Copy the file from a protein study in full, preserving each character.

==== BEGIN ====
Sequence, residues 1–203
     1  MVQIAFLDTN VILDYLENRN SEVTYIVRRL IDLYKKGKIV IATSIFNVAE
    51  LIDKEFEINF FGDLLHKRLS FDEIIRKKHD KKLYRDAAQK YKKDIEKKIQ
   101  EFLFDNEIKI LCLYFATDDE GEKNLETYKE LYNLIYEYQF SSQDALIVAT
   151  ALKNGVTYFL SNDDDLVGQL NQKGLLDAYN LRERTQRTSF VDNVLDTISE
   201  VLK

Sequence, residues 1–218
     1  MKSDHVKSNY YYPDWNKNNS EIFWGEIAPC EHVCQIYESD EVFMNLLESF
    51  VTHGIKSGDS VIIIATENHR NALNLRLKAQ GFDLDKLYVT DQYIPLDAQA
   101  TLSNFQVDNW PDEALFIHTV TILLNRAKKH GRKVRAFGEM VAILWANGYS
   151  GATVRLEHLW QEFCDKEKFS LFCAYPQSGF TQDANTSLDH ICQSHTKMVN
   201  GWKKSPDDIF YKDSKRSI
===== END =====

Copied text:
Sequence, residues 1–203
     1  MVQIAFLDTN VILDYLENRN SEVTYIVRRL IDLYKKGKIV IATSIFNVAE
    51  LIDKEFEINF FGDLLHKRLS FDEIIRKKHD KKLYRDAAQK YKKDIEKKIQ
   101  EFLFDNEIKI LCLYFATDDE GEKNLETYKE LYNLIYEYQF SSQDALIVAT
   151  ALKNGVTYFL SNDDDLVGQL NQKGLLDAYN LRERTQRTSF VDNVLDTISE
   201  VLK

Sequence, residues 1–218
     1  MKSDHVKSNY YYPDWNKNNS EIFWGEIAPC EHVCQIYESD EVFMNLLESF
    51  VTHGIKSGDS VIIIATENHR NALNLRLKAQ GFDLDKLYVT DQYIPLDAQA
   101  TLSNFQVDNW PDEALFIHTV TILLNRAKKH GRKVRAFGEM VAILWANGYS
   151  GATVRLEHLW QEFCDKEKFS LFCAYPQSGF TQDANTSLDH ICQSHTKMVN
   201  GWKKSPDDIF YKDSKRSI